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Random Parade’s “The Sad Charade”

On a simple and consistent trajectory of rhythm that doesn’t allow for much deviation from an evenhanded formula, there’s a pulsating sense of dread that follows every step we take in “Unstable,” and while it’s presented to us in a slightly different fashion than it is in “Slip Into a Spell,” the two songs are bound together by a lot more than the tracklist of Random Parade’s The Sad Charade.

From the haze of harmonies in “Cynic” to the urgent swing of “Sad Charade,” Random Parade’s 2010 debut album doesn’t fail to keep its listeners on the edge of our seats, waiting to find out whether the light at the end of the this tunnel is just a mirage or a genuine path to redemption from the murky backdrop we’re placed in side of here. In The Sad Charade, the sunny warmth of this band’s southern California scene is nowhere to be found – in its place, there is only a forbidden embrace of angst nothing short of eviscerating for those who are sensitive to the emotionality of modern electric art. 


“No. 1 Crush” doesn’t leave us in the lurch plied with more bassline indulgence than we know what to do with; unlike some of the similarly-stylized songs of its era, this is a superiorly heavy track far from dependent on overstated tones. There’s a carnal attitude that comes with every verse in “Holy Water,” “Churn, Spin, Shake” and the album-opening “Start & End” that you just can’t manufacture with any amount of studio bells and whistles, and frankly, I don’t think there’s anything worse than listening to someone try to. Random Parade have never tried to manipulate us with their synthesized harmonies – even the artificialities in their sound have a purpose to advance a certain narrative or feeling, and that’s what makes this debut such a hard record to put down. There’s nothing self-centered about the statements made in “Slip Into a Spell” or “Mirrors;” on the contrary, they feel as commentarial as this kind of material can get without sounding a little paranoid.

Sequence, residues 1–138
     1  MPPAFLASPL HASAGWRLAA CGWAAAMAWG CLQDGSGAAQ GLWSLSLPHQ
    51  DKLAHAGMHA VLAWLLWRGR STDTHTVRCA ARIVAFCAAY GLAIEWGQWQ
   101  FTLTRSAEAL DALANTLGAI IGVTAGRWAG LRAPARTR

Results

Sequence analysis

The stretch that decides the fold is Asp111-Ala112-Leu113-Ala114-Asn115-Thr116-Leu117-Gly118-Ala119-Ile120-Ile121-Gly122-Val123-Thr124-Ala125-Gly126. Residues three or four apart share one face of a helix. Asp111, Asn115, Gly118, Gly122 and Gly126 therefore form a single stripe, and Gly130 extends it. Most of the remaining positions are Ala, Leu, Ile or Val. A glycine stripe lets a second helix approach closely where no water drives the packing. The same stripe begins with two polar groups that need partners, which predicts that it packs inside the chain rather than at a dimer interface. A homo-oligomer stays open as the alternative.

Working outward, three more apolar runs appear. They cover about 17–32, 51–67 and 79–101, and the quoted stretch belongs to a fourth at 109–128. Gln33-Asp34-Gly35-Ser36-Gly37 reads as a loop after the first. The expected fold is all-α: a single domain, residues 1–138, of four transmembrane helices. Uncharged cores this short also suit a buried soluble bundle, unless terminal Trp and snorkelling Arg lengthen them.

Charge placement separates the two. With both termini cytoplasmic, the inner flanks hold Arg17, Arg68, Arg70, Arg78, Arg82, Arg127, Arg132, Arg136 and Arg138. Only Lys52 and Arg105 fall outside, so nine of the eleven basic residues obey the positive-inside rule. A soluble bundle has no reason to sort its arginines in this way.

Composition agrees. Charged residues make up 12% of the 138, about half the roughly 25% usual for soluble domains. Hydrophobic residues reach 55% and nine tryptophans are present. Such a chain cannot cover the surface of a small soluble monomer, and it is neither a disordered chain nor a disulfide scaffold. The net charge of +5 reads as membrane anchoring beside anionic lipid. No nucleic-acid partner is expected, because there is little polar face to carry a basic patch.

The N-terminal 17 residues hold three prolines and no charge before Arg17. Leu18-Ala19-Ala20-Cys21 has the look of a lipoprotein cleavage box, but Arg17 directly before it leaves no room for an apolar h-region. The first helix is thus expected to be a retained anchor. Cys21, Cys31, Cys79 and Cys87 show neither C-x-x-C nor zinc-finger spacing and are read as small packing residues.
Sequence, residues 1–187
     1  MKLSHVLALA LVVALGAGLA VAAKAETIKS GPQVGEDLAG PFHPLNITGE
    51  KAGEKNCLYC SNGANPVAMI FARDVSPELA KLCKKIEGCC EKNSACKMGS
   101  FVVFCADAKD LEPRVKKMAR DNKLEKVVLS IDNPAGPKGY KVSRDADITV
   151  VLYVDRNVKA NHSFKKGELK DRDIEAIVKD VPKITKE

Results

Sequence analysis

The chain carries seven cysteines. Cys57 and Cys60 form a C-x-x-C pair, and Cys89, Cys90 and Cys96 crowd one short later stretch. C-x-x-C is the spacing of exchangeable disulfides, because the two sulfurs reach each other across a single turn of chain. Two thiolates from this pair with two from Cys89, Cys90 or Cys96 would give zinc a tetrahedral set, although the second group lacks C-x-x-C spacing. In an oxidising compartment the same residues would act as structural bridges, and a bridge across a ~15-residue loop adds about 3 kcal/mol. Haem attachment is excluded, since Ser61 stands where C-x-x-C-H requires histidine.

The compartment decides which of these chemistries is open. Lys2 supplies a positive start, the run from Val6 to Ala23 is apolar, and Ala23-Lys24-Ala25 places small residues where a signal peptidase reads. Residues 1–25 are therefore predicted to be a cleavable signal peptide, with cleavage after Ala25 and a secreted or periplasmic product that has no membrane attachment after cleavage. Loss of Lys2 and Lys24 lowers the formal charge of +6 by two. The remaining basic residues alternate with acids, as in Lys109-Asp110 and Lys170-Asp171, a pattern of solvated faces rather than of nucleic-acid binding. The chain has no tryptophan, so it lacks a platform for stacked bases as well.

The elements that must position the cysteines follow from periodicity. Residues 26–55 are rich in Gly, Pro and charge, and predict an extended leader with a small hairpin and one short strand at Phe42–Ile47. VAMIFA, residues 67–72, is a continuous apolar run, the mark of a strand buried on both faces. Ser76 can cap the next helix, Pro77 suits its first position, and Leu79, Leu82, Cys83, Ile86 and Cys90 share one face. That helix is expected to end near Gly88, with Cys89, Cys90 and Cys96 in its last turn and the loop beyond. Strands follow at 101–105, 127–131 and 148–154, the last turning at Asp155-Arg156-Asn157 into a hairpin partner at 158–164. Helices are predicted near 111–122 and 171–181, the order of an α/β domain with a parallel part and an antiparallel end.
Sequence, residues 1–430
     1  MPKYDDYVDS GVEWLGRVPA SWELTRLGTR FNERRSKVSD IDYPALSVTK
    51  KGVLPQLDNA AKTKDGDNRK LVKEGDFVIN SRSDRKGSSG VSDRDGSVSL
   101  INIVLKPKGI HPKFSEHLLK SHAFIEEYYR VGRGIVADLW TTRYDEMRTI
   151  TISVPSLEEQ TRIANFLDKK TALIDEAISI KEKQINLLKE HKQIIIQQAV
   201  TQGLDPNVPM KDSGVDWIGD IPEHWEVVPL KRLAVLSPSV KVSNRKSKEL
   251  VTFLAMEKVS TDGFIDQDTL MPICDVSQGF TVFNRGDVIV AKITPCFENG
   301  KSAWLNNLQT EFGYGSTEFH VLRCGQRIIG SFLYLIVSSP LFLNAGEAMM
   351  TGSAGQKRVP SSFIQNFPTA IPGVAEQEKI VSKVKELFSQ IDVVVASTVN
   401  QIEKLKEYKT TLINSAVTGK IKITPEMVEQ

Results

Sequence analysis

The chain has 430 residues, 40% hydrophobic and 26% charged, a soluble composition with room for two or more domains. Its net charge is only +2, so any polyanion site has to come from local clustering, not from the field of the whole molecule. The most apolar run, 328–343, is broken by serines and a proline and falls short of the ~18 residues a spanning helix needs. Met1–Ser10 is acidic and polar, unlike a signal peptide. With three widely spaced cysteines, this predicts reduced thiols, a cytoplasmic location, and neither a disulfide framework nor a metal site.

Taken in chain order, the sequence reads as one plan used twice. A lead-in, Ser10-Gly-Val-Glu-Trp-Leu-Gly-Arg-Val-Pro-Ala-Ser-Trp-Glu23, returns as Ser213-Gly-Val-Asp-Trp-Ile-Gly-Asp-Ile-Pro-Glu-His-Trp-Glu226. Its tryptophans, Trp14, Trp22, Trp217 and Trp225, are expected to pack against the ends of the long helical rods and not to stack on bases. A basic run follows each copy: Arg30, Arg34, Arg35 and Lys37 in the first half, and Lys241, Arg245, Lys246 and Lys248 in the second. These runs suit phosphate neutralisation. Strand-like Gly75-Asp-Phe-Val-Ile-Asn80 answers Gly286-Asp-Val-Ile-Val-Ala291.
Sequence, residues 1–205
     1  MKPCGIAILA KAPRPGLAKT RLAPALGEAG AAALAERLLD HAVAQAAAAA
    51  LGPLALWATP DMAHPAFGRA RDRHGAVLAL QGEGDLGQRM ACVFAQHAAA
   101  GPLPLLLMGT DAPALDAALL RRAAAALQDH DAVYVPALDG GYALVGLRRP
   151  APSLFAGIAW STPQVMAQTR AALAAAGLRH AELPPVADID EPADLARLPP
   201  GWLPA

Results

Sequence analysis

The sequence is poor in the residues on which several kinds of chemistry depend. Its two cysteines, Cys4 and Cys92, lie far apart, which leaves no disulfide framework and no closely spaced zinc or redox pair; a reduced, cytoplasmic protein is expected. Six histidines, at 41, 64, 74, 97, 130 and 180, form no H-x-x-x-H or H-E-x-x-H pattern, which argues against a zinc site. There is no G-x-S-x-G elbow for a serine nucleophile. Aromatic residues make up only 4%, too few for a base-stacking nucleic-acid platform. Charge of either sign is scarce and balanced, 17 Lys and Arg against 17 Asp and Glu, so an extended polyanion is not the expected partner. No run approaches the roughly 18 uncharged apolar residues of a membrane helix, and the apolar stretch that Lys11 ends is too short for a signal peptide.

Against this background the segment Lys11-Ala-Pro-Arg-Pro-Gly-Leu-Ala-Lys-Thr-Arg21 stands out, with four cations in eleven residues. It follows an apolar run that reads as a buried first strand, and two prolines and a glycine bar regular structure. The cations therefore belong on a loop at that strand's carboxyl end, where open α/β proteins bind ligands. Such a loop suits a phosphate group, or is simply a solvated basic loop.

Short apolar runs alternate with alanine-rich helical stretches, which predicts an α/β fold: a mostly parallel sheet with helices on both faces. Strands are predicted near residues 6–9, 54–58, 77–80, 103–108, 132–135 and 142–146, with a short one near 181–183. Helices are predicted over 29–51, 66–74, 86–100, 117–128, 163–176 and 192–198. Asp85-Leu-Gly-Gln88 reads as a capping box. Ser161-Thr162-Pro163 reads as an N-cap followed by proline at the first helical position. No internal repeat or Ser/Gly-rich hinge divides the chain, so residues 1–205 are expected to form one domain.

If it’s abrasive noise given the gift of a melodic backbone you seek, “Reason” has your number. Layered poeticisms that extend themselves from words to strings and synth harmonies the same? “Daydream” is the next song you need to spin. Groove-focused post-punk grabs us with both hands in “Sad Charade” much as a faint allusion to violence is enough to both intimidate and rally an entire audience in the opening bars of “Start & End,” and together, all eleven of these songs add up to something that no indie rock fan can dismiss as unoriginal or uninspired a decade after its release. 


The Sad Charade, for all intents in purposes, will likely never be regarded with the same love and respect that Unknown Pleasures is, but for its time, it would be criminal to discuss the early 2010s SoCal alternative rock identity without acknowledging its contribution and, moreover, the continuous influence Random Parade have provided in the years since dropping it. 

Mindy McCall



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